The more we support GMO labeling, the more we promote the integrity of the organic label and help businesses that are doing the right things remain competitive and viable in the marketplace. Purchasing certified organic food is the best way to ensure that a product is free of GMOs.
While we support GMO labeling, we are not a GMO-free store. The prominence ofGMOs in our nation’s food supply is extremely high. Most non-organic soy and corn in the U.S. contain GMOs. Non-organic dairy products are likely to have rBGH.
Removing all GMO products is not a viable business model. It would deplete our shelves and prices would increase significantly. We will continue to support local agriculture and small businesses who share our vision of sustainable practices and growing methods, even if they are not certified organic. We will also continue to offer our customers a wide selection of products at affordable prices.
The system is certainly not perfect, however, we hope you will support those companies and products that you believe in.
Your Co-op will:
Continue to prioritize the purchase of high quality organic and local products, allowing our customers a wide selection of GMO-free foods to choose from.
Continue to support organizations and legislation that promotes the labeling ofGMOs by food manufacturers and supports the integrity of organics.
Continue to monitor and support the integrity of organic certification in the future;GMOs should never have a place in organics and we’ll support any measure that maintains that standard.
Continue to be transparent with signage in our store, allowing our customers to make their own educated choices between organic, local, sustainable and nothing-added products (See Farm to Market).
For more shopping tips, read Five Ways To Avoid GMOs.
Olympia Food Co-Op, Olympia WA
Statement regarding Genetically Modified Foods
The Olympia Food Co-op strives to make good, healthy food accessible to all people. Our mission includes making human effects on the earth and its inhabitants positive and renewing, and to encourage economic and social justice. Therefore, we do not support the increasing use of genetically altered material in food production.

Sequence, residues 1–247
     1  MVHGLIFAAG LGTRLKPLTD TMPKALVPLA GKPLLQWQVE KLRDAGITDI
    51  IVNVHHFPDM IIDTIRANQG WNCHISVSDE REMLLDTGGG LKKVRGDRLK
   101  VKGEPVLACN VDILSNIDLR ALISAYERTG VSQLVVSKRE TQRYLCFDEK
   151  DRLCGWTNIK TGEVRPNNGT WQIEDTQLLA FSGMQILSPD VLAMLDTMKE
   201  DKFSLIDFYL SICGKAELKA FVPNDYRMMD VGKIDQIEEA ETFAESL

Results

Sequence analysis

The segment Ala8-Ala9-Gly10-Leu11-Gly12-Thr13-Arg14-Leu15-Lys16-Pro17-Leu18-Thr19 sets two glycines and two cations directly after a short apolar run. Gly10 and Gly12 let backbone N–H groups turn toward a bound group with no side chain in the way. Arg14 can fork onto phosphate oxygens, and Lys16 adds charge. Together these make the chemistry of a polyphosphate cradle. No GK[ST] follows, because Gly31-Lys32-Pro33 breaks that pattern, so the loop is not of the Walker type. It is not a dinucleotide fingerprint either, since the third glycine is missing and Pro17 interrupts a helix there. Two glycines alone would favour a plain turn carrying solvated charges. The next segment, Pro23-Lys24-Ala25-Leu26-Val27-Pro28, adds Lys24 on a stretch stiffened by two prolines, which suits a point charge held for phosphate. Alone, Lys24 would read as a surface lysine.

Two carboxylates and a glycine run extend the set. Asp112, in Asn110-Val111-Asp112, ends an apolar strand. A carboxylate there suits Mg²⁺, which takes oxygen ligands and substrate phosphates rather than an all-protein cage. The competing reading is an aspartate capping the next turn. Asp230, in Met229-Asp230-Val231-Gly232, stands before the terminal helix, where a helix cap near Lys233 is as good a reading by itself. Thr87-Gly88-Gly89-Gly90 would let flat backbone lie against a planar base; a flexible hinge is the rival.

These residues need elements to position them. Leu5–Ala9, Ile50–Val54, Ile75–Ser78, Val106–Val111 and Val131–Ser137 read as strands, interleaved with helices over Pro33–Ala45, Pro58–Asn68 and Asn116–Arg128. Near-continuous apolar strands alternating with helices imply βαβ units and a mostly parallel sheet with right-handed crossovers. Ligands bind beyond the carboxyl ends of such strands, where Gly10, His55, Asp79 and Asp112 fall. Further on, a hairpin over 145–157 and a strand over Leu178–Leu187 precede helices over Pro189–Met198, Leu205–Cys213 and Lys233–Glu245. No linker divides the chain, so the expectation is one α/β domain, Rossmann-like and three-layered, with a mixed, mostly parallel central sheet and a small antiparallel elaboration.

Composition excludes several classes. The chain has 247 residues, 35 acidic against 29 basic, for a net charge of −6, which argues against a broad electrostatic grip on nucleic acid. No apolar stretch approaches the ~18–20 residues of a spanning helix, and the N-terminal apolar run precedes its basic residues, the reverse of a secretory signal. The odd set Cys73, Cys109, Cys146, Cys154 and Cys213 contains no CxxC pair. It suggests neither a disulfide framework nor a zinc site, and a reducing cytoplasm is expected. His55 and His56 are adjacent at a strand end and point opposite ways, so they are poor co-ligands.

Our main concerns are that:
1) Genetically modified organisms (GMO’s) are untested for effects on humans and our environment.
2) The use of GMO’s concentrates control of seed production and economic power in a few multinational corporations. A number of these companies have developed their seeds to be used with their own pesticides and herbicides. This can lead to an increase in the use of these chemicals.
3) Because of cross-pollination, many good hybrid and heirloom varieties of crops and their seeds may be contaminated and lost to us forever. GMO pollen can drift for many miles (corn is an example) and thereby contaminate organic crops as well.
4) An undue burden is being placed on organic farmers and producers to seek out non-GMO sources and maintain their purity.
5) The real threat of cross-pollination threatens the seed supplies of subsistence farmers throughout the world. Small communities based on subsistence farming are in danger of being destroyed.
6) The concentration of seed production in the hands of a few corporations will limit seed availability to large farms and corporations that can afford it, thus threatening further the viability of small independent farms.
What we believe we can control:
At this writing, any food that is not certified organic is suspect-this includes some oils, soy protein and isolates, lecithin and corn. In fact, most U.S. corn is in danger of being contaminated-organic or non-organic. In order to provide inexpensive “healthy” food to our members, especially our large vegetarian community, we cannot discontinue all products that we suspect contain GMOs. However, we will do whatever we can to maximize non-GMO choices.
We support banning the use of GMOs in food production.
1) Whenever possible, we will replace a genetically modified food with a GMO free product.
2) We will support companies and farmers who refuse to use GMO products by featuring their products and choosing them over other companies who have not done so. We will notify companies by phone or letter of our concerns or support whenever necessary. We will get GMO-free certification from companies and keep this in the Product Information area in each store.
3) We will educate our membership about GMO concerns by notes on the shelves or articles in the newsletter or brochures.
4) We support a national labeling law that requires companies to inform consumers about the presence of GMO’s in food products.
5) We call for a global moratorium on growing crops from genetically modified seed until this experiment has been proven safe for the environment and people.
Seward Community Co-op, Minneapolis, MN